Monday, June 11, 2007

Different orders of Polymorphism

When most computer science texts refer to polymorphism (in the context of object oriented programming) they are referring to either refining the implementation of a method via subclasses overriding that method, OR, by defining more than one behavior (method) with the same name. The former case (hopefully) preserves the semantics of the method name, the latter overloads multiple semantics on the same name. In either case, it is only the method that is multifaceted, not the entire object much less the class hierarchy.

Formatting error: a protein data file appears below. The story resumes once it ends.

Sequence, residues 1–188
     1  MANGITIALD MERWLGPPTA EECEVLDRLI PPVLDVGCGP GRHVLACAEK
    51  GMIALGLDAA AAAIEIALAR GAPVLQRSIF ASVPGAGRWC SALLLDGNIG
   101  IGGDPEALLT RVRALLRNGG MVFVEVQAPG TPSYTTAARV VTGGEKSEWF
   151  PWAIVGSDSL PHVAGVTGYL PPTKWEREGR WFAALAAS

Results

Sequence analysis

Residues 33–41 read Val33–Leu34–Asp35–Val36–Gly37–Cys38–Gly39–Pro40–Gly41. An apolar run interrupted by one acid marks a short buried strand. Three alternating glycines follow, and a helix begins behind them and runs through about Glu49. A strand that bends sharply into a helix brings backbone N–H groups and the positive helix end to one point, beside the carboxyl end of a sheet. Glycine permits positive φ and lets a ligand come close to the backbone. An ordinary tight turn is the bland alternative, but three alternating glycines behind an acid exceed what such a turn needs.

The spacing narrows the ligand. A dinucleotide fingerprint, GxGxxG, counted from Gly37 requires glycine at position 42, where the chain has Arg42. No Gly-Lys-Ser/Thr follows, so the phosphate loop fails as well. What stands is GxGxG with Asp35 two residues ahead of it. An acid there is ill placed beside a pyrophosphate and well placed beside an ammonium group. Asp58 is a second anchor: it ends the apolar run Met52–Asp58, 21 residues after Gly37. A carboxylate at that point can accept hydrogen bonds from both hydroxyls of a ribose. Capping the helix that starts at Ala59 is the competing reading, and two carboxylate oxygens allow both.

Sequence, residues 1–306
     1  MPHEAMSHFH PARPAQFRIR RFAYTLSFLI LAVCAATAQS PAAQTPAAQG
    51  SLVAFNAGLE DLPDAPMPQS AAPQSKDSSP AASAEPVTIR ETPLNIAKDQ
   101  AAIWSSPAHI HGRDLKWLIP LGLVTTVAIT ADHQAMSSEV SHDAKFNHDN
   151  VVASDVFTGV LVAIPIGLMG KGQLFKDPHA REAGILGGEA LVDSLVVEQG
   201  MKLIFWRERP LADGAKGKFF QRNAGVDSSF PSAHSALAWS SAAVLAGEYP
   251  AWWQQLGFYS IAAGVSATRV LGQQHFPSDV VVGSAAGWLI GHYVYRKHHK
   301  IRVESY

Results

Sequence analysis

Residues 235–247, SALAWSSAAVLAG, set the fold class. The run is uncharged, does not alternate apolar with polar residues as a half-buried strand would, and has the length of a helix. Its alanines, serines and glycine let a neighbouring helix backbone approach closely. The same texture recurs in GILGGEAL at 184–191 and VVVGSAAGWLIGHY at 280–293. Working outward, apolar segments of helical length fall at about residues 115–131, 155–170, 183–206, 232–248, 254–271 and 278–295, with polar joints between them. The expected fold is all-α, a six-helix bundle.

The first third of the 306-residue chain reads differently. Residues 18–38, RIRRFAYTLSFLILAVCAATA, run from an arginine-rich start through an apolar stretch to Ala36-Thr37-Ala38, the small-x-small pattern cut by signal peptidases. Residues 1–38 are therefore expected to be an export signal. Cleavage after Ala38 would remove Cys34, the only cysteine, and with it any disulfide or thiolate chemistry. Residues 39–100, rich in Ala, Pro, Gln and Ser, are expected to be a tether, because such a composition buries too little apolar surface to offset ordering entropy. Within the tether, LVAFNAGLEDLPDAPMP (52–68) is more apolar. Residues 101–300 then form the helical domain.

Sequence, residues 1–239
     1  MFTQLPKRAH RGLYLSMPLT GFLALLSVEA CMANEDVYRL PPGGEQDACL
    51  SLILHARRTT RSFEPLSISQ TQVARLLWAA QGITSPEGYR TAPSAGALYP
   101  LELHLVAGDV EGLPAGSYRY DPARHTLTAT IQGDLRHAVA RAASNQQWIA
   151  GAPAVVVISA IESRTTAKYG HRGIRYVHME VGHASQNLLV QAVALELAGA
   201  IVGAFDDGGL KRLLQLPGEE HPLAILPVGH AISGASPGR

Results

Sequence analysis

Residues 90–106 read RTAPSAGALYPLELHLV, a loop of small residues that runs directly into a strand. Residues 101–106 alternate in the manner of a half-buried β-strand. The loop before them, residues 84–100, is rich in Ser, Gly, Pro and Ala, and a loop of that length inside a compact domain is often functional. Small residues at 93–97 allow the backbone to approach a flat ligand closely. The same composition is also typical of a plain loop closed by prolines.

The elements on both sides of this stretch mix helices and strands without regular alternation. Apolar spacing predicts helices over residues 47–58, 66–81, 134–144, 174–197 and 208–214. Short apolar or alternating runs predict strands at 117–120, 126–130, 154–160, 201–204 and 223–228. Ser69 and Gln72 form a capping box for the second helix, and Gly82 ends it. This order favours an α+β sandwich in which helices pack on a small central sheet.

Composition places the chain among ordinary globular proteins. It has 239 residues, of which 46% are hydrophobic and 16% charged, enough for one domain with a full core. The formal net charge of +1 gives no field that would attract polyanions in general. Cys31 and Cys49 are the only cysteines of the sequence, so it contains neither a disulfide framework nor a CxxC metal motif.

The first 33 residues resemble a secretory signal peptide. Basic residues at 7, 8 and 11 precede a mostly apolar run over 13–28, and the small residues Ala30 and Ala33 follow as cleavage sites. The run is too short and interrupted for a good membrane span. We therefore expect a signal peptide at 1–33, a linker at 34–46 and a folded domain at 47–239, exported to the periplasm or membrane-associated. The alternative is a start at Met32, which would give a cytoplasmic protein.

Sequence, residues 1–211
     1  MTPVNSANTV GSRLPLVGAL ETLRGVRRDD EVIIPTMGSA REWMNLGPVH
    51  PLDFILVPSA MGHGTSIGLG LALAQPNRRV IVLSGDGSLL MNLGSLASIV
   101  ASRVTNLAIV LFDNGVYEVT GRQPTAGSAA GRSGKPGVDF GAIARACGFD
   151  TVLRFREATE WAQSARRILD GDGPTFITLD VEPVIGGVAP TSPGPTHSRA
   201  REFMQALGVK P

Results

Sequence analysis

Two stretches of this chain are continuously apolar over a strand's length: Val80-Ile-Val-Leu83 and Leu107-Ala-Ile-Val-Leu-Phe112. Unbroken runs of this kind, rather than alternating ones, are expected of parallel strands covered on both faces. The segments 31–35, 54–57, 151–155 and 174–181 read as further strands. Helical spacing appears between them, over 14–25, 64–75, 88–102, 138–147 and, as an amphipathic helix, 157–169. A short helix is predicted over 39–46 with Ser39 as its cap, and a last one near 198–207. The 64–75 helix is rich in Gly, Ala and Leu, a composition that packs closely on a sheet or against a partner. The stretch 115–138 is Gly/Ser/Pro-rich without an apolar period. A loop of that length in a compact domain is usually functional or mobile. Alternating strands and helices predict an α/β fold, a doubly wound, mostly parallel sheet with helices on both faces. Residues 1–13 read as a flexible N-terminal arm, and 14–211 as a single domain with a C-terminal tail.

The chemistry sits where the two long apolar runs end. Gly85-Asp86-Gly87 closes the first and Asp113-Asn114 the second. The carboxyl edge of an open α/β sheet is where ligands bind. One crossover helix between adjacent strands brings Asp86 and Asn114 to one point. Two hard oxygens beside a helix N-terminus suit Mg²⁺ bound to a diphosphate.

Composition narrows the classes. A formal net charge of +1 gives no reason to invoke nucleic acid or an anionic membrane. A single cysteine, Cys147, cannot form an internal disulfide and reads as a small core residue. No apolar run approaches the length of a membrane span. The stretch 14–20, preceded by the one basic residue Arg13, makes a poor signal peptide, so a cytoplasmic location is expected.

With Existential Programming, a different order of polymorphism (i.e. "a single entity can take on multiple forms") is at work. Here a single entity in its entirety can take on multiple forms. Heck, it can take on multiple ontologies (aka class hierarchies). This means either supporting multiple (albeit, fundamentally similar) views/conceptions of an entity, OR, trying to knit together very different models where the object instance is in some sort of oscillating
Schrodinger's Cat-like state (except that we can look at it and not affect its state :-).